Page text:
The Tonkatsu sauce can be made ahead, refrigerated and re-warmed to serve. Salmon katsu is best enjoyed freshly cooked, but you could bread them ahead, refrigerate for an hour or two ahead, and then cook.

Store leftover salmon in the refrigerator for up to 2 days. The Tonkatsu sauce will keep in the refrigerator for up to 1 week.

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Salmon katsu on plate with cucumbers and carrots.

Get the Recipe: Salmon Katsu

Move over chicken! Salmon katsu is every bit as delicious and another tasty way to enjoy salmon. Serve with an easy homemade Tonkatsu sauce.
5 stars from 1 rating
Prep Time: 10 minutes
Cook Time: 10 minutes
Total Time: 20 minutes
Yield: 3 servings


  • 1 lb salmon fillets, 3-4 fillets, fresh or thawed frozen, skinless salmon recommended *see Note 1 below
  • 1/4 cup all-purpose flour
  • 1 large egg
  • 1 cup panko
  • Salt and freshly ground pepper
  • Oil for frying

Tonkatsu Sauce (or substitute storebought Tonkatsu sauce):

  • 1/2 cup ketchup
  • 3 Tablespoons Worcestershire sauce
  • 2 Tablespoons white granulated sugar
  • 2 Tablespoons soy sauce, low sodium recommended
  • 2 Tablespoons mirin, or substitute 1 Tbsp. boiling water with 1 Tbsp. granulated sugar
  • 2 teaspoons garlic, minced
  • 1 teaspoon ginger, grated or ginger paste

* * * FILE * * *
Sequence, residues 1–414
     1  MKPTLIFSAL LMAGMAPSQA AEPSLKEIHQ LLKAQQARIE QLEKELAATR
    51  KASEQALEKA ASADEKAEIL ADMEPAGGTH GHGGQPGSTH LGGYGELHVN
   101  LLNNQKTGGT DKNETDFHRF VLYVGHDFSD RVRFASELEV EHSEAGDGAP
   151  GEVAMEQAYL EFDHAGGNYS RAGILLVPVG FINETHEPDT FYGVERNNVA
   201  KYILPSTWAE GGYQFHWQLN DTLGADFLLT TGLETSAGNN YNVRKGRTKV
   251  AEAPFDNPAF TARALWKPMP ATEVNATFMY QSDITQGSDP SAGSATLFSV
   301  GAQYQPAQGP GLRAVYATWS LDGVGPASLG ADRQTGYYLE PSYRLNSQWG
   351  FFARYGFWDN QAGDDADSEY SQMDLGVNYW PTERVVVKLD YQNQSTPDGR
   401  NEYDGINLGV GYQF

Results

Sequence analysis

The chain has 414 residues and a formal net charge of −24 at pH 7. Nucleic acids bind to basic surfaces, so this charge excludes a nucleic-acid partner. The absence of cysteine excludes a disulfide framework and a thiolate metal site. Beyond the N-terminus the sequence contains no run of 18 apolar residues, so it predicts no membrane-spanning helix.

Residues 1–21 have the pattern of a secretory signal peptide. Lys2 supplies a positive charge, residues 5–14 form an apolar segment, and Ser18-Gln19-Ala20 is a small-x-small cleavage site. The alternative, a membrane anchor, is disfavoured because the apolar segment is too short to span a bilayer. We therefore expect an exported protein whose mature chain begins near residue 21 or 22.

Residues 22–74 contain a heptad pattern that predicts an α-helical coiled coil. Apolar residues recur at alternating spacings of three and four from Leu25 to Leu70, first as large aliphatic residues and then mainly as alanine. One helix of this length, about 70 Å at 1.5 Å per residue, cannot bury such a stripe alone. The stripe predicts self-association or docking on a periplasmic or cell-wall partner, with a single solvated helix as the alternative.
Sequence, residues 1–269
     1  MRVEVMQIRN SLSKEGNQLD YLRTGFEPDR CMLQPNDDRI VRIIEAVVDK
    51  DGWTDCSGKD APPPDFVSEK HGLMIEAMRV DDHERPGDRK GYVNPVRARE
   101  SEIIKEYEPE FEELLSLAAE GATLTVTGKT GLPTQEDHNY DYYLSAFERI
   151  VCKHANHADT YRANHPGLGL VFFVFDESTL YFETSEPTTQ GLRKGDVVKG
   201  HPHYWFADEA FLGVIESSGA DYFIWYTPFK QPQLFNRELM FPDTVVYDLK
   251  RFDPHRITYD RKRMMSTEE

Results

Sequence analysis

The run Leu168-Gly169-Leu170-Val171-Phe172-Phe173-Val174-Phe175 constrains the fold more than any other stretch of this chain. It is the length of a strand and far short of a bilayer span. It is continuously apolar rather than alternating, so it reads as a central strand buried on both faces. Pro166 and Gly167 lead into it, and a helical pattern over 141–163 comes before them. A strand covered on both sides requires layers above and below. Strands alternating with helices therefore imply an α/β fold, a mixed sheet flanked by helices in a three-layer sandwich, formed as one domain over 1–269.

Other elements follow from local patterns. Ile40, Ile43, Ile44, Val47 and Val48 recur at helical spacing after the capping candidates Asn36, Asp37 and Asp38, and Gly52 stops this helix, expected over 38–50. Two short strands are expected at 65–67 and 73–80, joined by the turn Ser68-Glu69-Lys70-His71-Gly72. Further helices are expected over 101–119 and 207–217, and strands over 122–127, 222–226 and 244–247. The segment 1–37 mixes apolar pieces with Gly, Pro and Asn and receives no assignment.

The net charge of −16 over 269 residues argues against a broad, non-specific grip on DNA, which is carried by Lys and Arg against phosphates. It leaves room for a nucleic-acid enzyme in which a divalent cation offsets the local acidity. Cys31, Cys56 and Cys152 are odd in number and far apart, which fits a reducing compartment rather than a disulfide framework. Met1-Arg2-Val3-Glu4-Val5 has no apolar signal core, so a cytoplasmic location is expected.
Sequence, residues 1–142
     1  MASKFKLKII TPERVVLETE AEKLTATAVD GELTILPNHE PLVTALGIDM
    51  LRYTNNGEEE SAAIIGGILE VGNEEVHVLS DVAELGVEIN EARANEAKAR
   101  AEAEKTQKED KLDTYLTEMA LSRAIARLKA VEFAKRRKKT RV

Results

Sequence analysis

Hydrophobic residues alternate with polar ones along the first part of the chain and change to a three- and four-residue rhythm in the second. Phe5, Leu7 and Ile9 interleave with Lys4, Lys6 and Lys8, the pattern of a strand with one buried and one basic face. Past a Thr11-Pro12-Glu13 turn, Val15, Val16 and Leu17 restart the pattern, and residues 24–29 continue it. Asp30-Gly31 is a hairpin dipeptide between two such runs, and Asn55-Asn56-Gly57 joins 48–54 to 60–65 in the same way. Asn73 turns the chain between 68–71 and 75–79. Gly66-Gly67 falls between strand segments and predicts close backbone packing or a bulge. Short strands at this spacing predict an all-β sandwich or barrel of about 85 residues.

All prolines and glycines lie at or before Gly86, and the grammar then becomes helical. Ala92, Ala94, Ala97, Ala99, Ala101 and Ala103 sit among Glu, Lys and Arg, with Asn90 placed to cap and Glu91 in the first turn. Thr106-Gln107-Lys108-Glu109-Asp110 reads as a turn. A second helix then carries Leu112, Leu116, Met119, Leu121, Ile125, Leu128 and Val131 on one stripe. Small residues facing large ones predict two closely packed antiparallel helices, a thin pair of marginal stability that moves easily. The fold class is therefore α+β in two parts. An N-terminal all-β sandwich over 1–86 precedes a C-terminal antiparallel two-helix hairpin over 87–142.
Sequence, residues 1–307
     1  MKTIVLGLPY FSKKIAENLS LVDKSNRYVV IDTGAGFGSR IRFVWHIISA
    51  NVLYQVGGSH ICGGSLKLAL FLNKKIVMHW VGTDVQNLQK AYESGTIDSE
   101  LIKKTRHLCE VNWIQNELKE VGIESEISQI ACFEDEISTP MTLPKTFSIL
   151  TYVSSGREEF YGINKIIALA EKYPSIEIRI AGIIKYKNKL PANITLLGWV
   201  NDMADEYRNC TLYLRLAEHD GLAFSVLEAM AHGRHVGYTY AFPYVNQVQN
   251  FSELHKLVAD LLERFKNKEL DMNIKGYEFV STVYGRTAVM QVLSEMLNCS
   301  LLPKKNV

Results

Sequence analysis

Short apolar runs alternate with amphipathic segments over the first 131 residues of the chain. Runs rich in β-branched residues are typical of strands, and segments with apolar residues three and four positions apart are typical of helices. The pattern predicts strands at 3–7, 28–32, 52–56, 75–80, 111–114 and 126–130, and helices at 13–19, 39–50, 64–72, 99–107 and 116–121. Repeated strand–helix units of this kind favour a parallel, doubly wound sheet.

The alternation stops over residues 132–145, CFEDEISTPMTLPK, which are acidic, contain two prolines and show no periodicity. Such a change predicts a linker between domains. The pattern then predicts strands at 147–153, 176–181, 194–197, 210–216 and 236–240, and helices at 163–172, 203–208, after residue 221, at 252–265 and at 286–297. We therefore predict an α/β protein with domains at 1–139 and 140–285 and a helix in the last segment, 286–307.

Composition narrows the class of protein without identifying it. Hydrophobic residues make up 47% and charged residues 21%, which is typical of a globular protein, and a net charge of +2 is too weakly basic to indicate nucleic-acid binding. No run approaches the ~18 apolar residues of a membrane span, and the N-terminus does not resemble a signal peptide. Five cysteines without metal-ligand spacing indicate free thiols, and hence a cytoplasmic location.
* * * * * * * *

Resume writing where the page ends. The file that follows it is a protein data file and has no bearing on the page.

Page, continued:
• 1/4 teaspoon dry mustard


  • To make the Tonkatsu sauce: In a small saucepan, stir together the ketchup, Worcestershire sauce, sugar, soy sauce, mirin, garlic, ginger and mustard. Heat over medium-high heat and stirring regularly, bring to a boil. Reduce heat to low and simmer until sauce is reduced by about 1/4 (7-8 minutes). Let the sauce cool and refrigerate, if making head or remove to a bowl, cover and let stand at room temperature if you will be serving immediately. The sauce can be made ahead and refrigerated for up to 1 week.
  • To make the salmon katsu: Pat the salmon dry and season with salt and pepper. Set up a breading station by adding the flour to one plate. The egg to a second plate and the panko to a third plate. Season the flour with some salt and pepper. Beat the egg with a fork. Dip the salmon fillets first in the flour, then in the egg and finally into the panko, pressing the crumbs to stick. Set aside onto a clean plate.
  • Heat a thin layer of oil in a non-stick frying pan over medium heat. When hot, add the salmon and allow to cook undisturbed until nice and golden underneath. Flip the salmon and cook the other side until golden. Flip one more time to ensure the salmon is cooked through. If you have an instant-read thermometer, test the salmon. It should be at least 145F.
  • Serve the salmon with Tonkatsu sauce drizzled overtop.


Note 1: Evenly thick salmon fillets will cook up the most evenly, so this is a great use for the larger fillet pieces that you can cut yourself into smaller fillets. Skinless salmon is recommended as the panko breading doesn’t stick well to the skin side.
Be sure to read the notes above this Recipe Card, for more tips on making this recipe.
Cuisine: Japanese
Course: Main Course
Serving: 1serving, Calories: 453kcal, Carbohydrates: 51g, Protein: 36g, Fat: 12g, Saturated Fat: 2g, Polyunsaturated Fat: 4g, Monounsaturated Fat: 4g, Trans Fat: 0.01g, Cholesterol: 140mg, Sodium: 1288mg, Potassium: 1066mg, Fiber: 1g, Sugar: 22g, Vitamin A: 366IU, Vitamin C: 5mg, Calcium: 96mg, Iron: 4mg